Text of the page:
How to maintain your tyres

By Anna Kantilaftas, 23 Oct 2016 Car Advice

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tyre tread

Tyres are one of the most important safety features of your car, so it’s vital to give them the right care and maintenance.


Checking your tyre pressures is one of the easier practices of car maintenance and should also be the most regular. Monthly checks are recommended, or every second time you refuel. Filling your tyres to the right PSI will ensure your tyres maintain grip to the road and prevent any nasty issues where you may lose control. As a bonus, the right amount of air in your tyres will also improve fuel economy.

The right tyre pressure for your car will be listed on the manufacturer’s tyre placard, usually stuck on the driver’s side B-pillar.


This isn’t something mechanics do just to charge you a few extra dollars on your service invoice. Your car’s weight varies from front to rear. With most car’s carrying weight in the front of the car, this can cause your front tyres to wear quicker than the rear ones.

A rotation should be performed every 8000 to 10,000km.


Every 10,000km, it’ll be time to not only rotate your tyres, but also book yourself in for a wheel alignment. When a mechanic re-aligns your wheels, he’s correcting your car’s suspension and steering which in turn, ensures your tyres are properly aligned with the car’s axles, to give you better handling and more even wear. Again, it’ll also save you fuel costs (noticing a pattern here between tyres and fuel usage?).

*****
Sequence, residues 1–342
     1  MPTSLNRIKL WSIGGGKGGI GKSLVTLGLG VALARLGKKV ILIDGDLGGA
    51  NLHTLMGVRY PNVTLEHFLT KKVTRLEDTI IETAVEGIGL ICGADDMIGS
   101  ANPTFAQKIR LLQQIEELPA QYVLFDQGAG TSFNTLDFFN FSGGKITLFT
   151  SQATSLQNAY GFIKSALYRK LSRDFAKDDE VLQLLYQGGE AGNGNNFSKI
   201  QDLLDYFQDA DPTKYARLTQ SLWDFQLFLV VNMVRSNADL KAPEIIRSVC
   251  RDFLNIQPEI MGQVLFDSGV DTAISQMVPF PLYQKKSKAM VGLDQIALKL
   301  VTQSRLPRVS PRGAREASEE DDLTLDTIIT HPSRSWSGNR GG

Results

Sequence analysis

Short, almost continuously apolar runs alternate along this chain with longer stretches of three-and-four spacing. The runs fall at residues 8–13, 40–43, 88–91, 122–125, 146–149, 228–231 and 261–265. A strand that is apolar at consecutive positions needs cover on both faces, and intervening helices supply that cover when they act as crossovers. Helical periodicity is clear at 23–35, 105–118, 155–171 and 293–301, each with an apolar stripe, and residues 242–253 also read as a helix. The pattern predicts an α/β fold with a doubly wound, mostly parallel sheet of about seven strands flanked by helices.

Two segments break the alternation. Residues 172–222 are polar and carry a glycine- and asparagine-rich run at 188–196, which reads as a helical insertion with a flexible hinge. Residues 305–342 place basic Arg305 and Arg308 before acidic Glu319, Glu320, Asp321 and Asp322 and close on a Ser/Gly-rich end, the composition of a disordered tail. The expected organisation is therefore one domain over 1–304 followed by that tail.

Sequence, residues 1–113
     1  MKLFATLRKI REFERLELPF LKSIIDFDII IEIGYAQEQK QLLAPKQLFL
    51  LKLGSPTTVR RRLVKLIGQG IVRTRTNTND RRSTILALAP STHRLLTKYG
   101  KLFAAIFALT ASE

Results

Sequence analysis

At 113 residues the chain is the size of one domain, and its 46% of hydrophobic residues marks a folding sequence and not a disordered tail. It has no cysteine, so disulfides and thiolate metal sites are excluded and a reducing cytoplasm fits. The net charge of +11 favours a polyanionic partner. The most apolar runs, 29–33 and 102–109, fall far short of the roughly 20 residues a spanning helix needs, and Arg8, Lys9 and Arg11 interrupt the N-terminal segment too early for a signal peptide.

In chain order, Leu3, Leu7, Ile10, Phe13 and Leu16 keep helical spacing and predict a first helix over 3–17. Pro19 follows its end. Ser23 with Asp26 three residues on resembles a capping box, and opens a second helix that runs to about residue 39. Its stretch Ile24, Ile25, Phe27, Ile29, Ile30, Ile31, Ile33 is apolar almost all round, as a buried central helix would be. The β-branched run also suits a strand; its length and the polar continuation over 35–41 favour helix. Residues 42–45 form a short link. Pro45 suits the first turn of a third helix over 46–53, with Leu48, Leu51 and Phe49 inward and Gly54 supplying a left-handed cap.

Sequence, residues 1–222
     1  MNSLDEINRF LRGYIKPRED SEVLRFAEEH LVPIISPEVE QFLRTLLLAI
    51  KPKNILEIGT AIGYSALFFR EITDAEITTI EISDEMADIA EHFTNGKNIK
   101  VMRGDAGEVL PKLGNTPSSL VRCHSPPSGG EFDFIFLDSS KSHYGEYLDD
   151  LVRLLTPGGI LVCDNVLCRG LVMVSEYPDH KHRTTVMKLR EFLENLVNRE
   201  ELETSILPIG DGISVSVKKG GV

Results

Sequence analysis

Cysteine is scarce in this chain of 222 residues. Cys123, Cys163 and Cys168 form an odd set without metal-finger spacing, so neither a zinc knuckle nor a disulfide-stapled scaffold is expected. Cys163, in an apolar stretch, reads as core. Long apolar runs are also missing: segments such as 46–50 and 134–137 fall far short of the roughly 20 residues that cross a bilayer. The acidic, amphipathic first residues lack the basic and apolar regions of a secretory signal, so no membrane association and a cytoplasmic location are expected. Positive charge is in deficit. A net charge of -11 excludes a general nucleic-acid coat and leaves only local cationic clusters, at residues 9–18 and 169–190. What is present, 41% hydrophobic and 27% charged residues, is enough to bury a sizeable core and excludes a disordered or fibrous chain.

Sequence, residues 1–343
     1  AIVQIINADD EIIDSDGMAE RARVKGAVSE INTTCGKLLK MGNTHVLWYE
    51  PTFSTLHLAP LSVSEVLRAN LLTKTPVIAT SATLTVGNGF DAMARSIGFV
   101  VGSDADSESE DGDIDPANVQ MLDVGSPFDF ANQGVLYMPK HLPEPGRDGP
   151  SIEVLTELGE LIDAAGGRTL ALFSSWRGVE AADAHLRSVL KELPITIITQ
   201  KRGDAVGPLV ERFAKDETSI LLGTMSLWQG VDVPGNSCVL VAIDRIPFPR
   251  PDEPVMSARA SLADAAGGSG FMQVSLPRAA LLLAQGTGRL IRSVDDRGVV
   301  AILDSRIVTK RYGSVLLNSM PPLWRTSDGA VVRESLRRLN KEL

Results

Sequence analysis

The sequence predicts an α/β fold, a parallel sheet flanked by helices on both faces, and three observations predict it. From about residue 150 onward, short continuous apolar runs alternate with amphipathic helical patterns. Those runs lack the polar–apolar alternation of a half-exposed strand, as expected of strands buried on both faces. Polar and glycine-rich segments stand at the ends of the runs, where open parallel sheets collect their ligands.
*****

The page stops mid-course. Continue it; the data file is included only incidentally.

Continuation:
Driving over potholes or hitting a curb can push your wheels out of alignment. There are some obvious signs that things are not in alignment. The steering wheel will vibrate at high speeds, or pull to one side.


Tread is the part of your tyre that connects to the road and removes water during wet weather to ensure maximum grip. It’s a legal requirement your tread depth is a minimum of 1.5mm. Once it reaches this, it’s time to get them replaced. As this wears over time, it causes your tyres to lose grip with the road, and also means your car is no longer roadworthy. A tyre wear indicator is located around your tyre to help you know when it’s time to get them replaced.